Unlocking Language: The Journey of Reverse Language Learning.

The adage that children are like sponges when it comes to learning a language and, in our inter-cultural world, multi-languages, we as adults look at them with envy. While I sit along my favourite marina for that precious cup of early morning coffee in Mediterranean sunlight, I overhear the persistent wailing of “I’m too old to learn another language” or “I can’t remember a thing I learned the other day.” This is uttered by English Seniors and other foreigners who flock to these sunnier climates.

Learners, especially adults, no longer seem to accept the old-fashioned way of rigid textbooks to follow. It is too boring. It does not motivate us. Yes, I too had grammar, grammar, and grammar drilled into me in stuffy classrooms, from a voice droning on and on…’Ooh, had I nodded off?’

We were not inspired to learn languages, nor taught the benefits, many decades ago, of how important many multi-linguistic opportunities would be in our future careers and lifestyles, where the globe has opened up to us in so many different, diverse, and exciting ways. Likewise, if you relocate to another country and even more so, retire to a foreign country it is imperative for your well-being and independence, along with socializing to know the local language. Learning parrot fashion does not gel into long-term memory!

So how do we grasp a new language?

We unlock the language differently! We embrace the journey of Reverse Language learning with a positive mindset.

What is the reverse language technique learning method? Allow me to expand on this.

The reverse language learning technique, also known as backward language learning, is an approach that involves learning a language in reverse order compared to traditional methods. Instead of starting with basic vocabulary and grammar rules and gradually progressing to more complex language skills, reverse language learning starts with more advanced concepts and works backwards to the basics.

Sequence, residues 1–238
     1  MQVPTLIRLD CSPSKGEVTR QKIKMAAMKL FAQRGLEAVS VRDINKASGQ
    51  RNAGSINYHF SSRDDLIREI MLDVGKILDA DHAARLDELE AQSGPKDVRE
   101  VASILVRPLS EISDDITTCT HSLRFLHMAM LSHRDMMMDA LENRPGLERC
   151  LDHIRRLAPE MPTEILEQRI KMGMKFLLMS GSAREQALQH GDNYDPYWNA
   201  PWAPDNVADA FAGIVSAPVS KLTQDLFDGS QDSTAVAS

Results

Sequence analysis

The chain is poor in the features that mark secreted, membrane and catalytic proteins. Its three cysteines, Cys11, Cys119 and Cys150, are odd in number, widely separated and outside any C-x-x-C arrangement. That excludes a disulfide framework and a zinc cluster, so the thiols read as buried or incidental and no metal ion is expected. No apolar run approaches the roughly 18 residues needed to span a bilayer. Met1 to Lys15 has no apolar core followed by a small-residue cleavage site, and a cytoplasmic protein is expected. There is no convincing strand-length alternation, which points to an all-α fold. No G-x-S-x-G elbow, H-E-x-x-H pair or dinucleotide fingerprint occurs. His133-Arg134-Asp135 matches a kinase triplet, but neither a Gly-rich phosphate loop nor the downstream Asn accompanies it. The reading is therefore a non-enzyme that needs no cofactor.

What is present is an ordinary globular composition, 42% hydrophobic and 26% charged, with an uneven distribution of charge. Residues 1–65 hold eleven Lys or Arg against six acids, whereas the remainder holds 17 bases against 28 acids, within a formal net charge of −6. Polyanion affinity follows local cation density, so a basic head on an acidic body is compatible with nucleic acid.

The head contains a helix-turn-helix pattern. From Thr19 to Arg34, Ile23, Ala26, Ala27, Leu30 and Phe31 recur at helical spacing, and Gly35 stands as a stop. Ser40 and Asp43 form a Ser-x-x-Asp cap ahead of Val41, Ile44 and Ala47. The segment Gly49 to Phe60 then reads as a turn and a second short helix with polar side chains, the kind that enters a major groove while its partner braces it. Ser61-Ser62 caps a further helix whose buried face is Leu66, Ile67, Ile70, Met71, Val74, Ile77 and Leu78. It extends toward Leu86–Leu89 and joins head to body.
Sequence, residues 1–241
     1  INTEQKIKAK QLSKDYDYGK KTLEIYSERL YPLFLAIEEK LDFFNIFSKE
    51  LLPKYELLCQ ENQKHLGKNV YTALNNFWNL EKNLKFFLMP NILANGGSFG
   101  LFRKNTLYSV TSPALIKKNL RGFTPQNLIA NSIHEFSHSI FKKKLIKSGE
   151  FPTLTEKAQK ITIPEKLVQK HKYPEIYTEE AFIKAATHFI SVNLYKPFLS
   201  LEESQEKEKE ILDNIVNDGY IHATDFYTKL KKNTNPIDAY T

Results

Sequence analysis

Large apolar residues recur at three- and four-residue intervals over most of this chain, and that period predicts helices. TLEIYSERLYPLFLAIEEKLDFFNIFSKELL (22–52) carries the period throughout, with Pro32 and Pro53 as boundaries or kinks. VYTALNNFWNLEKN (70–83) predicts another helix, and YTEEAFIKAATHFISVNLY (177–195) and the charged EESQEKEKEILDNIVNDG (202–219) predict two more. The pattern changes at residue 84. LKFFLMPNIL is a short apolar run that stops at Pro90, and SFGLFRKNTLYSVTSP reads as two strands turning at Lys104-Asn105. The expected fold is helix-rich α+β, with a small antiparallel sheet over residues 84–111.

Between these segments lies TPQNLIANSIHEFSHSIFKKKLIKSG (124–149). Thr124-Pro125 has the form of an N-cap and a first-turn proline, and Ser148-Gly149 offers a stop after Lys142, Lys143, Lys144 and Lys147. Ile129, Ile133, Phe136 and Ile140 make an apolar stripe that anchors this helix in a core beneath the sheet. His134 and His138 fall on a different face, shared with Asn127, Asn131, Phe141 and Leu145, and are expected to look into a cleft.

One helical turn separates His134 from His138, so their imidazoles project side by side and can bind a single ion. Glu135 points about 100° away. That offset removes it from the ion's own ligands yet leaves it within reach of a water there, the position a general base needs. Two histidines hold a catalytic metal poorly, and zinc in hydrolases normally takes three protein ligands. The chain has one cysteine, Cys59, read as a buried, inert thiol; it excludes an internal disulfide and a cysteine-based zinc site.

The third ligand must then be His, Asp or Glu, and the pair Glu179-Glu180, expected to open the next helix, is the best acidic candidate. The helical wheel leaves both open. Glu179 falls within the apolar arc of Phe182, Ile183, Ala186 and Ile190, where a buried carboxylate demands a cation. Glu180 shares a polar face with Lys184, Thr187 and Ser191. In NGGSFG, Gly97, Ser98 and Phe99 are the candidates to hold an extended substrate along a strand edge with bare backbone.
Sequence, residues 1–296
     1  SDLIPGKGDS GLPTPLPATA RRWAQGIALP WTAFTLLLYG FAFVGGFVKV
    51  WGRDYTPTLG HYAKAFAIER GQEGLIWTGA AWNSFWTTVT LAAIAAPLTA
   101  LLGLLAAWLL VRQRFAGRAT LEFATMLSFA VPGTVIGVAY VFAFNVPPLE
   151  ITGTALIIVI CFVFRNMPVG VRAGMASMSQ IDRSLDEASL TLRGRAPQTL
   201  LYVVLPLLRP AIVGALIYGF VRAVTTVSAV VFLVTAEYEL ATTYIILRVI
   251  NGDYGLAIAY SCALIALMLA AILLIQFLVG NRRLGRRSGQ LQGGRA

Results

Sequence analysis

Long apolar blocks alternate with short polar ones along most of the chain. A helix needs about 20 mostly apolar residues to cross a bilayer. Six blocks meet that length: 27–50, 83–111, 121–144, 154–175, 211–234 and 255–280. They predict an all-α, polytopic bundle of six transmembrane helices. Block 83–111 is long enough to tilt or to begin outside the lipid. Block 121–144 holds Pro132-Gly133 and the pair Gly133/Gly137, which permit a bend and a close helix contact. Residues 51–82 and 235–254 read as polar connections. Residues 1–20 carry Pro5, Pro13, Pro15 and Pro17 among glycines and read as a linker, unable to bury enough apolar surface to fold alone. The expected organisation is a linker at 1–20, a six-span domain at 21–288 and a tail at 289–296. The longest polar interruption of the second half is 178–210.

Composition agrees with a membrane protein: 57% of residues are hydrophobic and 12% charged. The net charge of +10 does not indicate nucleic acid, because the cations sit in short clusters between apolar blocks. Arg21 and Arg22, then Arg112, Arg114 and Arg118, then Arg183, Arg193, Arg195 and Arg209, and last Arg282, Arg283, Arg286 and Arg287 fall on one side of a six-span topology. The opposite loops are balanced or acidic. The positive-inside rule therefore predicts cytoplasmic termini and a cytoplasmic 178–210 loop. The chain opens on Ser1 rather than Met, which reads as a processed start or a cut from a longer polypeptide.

Here’s how the reverse language learning method typically works:

  1. Starting with Complex Material: Instead of beginning with simple vocabulary and grammar, reverse language learning starts with more complex material, such as authentic texts, advanced conversations, or media content in the target language. This could include reading articles, watching videos, listening to podcasts intended for native speakers, spend siestas listening to YouTube English songs with lyrics/subtitles.
  2. Analysis and Deconstruction: Learners analyze and deconstruct the advanced material to identify key vocabulary, grammar structures, and language patterns. They focus on understanding the context and meaning of the language with phrases, rather than memorizing individual words or rules in a parrot-rota.
  3. Identification of Language Patterns: Through exposure to authentic language use, learners identify recurring patterns, phrases, and expressions, similarities or cognates, in the target language. They pay attention to how words are used in different contexts and how grammar rules are applied naturally in speech and writing.
  4. Gradual Simplification: After identifying patterns and language features in advanced material, learners gradually simplify, reduce and break down the language into more manageable, bite-size chunks. They focus on extracting essential vocabulary and grammar rules from the complex material and practice using them in simpler contexts – preferably relating them to their natural environment. Then they remember it!
  5. Progression to Basic Material: Once learners have a solid understanding of the language patterns and essential vocabulary, they gradually progress to more basic material, such as beginner-level textbooks, language exercises, and structured lessons. They use their knowledge of advanced language features to reinforce and scrutinize the basics.
  6. Continuous Exposure and Practice: Throughout the learning process, learners continue to expose themselves to authentic language input and engage in regular practice activities, such as speaking, writing, listening, and reading exercises. They actively seek opportunities to use the language in real-life situations and interact with native speakers

Please keep popping back as we will bring more detailed tuition, courses and e-books to this website. We will be expanding on the blogs in comprehensive and easy-to-follow tuition resources. Furthermore, we will be writing our own short stories, followed by comprehension bits and bobs for you to internalize what you have read and understood.

(c) Rosie Reay